From Arizona to Greenland and back Prospectors’ rewards weighed in more than gold


By M.V. Moorhead

Tempe resident Corry Slama goes over plans for an excursion into a little-known prospecting area. [Photo Billy Hardiman/Wrangler News]
Tempe resident Corry Slama goes over plans for an excursion into a little-known prospecting area. [Photo Billy Hardiman/Wrangler News]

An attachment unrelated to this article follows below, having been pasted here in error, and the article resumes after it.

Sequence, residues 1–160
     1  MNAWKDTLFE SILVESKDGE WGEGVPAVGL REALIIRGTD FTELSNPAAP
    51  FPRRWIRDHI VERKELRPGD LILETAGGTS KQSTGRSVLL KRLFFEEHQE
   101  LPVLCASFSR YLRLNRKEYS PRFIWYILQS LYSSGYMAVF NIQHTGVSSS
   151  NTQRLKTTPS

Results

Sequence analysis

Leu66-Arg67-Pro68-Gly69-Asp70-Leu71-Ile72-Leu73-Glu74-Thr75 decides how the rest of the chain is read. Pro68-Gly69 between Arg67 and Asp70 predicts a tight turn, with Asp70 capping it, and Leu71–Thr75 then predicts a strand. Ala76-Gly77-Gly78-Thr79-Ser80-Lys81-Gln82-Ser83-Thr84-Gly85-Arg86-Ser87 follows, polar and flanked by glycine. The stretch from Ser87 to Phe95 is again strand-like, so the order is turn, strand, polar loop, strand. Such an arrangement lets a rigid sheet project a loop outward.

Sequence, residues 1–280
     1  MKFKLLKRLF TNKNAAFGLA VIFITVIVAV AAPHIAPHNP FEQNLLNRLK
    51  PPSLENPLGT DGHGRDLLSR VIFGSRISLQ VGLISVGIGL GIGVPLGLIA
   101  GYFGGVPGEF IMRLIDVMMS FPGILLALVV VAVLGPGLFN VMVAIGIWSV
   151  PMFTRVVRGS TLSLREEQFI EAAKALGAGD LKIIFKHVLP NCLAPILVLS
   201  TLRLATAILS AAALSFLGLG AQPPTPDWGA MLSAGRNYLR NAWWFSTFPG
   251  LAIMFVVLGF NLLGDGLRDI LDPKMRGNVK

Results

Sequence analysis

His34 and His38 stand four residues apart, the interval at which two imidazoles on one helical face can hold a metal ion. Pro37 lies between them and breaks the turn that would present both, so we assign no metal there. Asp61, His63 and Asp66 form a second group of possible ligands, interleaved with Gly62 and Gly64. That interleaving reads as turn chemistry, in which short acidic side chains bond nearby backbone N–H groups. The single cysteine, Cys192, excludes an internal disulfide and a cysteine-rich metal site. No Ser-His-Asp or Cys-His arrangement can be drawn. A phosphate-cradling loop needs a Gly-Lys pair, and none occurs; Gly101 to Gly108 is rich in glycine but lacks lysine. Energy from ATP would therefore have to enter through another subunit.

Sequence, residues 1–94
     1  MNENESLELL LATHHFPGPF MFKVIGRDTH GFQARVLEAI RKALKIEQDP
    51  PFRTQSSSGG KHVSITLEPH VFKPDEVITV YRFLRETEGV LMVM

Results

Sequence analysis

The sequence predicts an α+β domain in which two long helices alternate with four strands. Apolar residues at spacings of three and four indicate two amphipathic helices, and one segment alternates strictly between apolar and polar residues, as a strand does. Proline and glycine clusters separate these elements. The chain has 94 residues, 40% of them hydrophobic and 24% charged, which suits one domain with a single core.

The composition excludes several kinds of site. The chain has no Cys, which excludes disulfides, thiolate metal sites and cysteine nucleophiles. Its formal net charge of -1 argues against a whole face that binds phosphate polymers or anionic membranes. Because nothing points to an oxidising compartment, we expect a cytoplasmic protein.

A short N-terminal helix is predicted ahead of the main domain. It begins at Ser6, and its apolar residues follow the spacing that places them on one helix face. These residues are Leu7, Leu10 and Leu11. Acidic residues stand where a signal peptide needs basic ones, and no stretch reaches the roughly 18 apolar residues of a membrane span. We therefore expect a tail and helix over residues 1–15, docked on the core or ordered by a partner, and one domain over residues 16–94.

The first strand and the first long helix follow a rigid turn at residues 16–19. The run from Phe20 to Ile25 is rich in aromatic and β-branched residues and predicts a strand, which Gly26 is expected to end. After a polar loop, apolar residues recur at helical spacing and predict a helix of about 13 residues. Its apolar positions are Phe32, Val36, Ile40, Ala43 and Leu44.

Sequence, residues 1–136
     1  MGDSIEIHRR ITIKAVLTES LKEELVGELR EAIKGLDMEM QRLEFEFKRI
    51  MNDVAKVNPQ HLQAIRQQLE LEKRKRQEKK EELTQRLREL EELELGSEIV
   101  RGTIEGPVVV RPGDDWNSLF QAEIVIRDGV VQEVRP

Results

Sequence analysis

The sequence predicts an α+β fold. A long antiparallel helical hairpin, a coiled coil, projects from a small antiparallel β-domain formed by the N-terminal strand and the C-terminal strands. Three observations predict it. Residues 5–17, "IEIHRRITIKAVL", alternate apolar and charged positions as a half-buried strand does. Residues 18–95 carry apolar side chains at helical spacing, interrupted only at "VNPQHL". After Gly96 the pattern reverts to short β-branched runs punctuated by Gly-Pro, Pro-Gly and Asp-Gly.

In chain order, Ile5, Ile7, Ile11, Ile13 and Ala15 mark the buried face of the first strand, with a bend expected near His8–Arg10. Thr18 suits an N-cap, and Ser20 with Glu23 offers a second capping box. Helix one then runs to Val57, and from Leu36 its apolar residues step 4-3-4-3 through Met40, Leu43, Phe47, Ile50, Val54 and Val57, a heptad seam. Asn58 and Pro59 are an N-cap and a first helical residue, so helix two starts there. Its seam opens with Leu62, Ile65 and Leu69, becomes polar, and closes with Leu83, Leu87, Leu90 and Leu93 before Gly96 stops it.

There’s all this gold lying around out there; you just have to go pick it up. It’s that easy.” Josh Feldman is being a bit facetious, of course. Getting gold out of the rugged Superstition Mountain terrain, as he and his brother Jesse know, isn’t quite that easy. The two have prospected for the precious metal both in the Superstitions and in the massive arctic island of Greenland, as two of the stars of the Animal Planet reality series Ice Cold Gold. Their friend, Tempe resident Corry Slama, was to learn one recent Saturday how tough even a one-day prospecting excursion can be. Slama accompanied the Feldman brothers into a Superstition canyon to pan for promising traces. The three entered the beautiful but harsh region in the morning, and emerged well after dark. “It wasn’t a leisurely hike,” admits Slama. “It was a strenuous climb. I’m a little sore.” But, he adds, “It was really interesting.” Slama, who oversees contracted professional services for Maricopa County, became acquainted with the Feldman brothers decades ago when, as a teenager, he went horseback riding at OK Corral, the Apache Junction stables founded by their father, Ron Feldman. Jesse and Josh now own and run the stables, but they, like their father, maintain a fascination with the history and lore of mining in the Superstitions, especially that of the fabled Lost Dutchman Mine. Indeed, Jesse has written a book on the subject, Jacob’s Trail: The Legend of Jacob Waltz’s Lost Dutchman Gold Mine, in which he makes his case for the mine’s location. But the Feldmans have more than a historical researcher’s interest in mining. They’re also handson practitioners. The brothers currently own the Mammoth Mine—in the 1890s the area’s most productive gold mine, they say—and have an interest in Goldfield Ghost Town as well, to which they plan to move the riding stables soon. Their reputation for keeping alive the demanding skill of old-school prospecting led the producers of Ice Cold Gold to send them to Greenland, along with some half-dozen other treasure seekers, to look for gold and gemstones during the ironically named island’s briefly tolerable summer season. Despite the hardships of these two-month visits, says Josh, “It’s an amazing opportunity. We have this little niche in Greenland. It’s not just a reality show. We’re really trying to work Greenland.” None of which stops them from prospecting in their own stomping grounds the rest of the year. The Feldmans work the Mammoth Mine regularly, by themselves. “We keep it small-scale,” says Josh. “Take a little bit of gold out of it, have some fun, nobody gets hurt.” But they also haunt the crags and canyons of the Superstitions, seeking new claims for “placer” mining, the sifting of minerals from creek beds and other alluvial deposits with pans or sluice-boxes. About a decade ago, Jesse found a gold-rich sample in the Queen Valley region. “It’s just an indicator, hey, there’s gold in this canyon.” So, after years of delays, the brothers embarked on a day hike, the clear, cold Saturday after New Year’s, into a canyon they thought might be the source of Jesse’s tantalizing find. Slama, himself an experienced hiker in good shape, went with them. So, did they strike it rich? “It was really cold out, and we had to break through sheets of ice,” reports Slama, after his return from the rigorous outing. In the sediment dredged up from the chilly waters below this ice…“They didn’t see anything too promising.” “We didn’t strike it rich,” says Jesse Feldman. However, always upbeat, he adds: “But we got a lot of things done. We got into a canyon I wanted to get to for a long time.” They examined the remains of several old mines and got some pictures of an old mine dump. Still, admits Jesse, had they found what they were looking for in this particular site, “It would have been huge, because there’s bedrock all the way up that canyon. It’s a natural sluice-box, so it would have been easy pickings if there had been anything out there.” But they’ll just keep looking elsewhere, they say. “We will try to walk that [sample] back to its source,” says Josh. “If anyone was doing this to get rich, they probably would have quit years ago. “We’re also in the horse business; we’ve always used gold as our adventure. At a certain point, it just becomes a lifestyle…I might get rich someday, and wouldn’t that be amazing. But even if I don’t, it still takes me to amazing places where I get to see amazing things and meet amazing people. And if I didn’t, what would I be doing, sitting home?” His brother Jesse echoes this, more laconically as usual: “You always find something. Maybe not what you were looking for, but something.”


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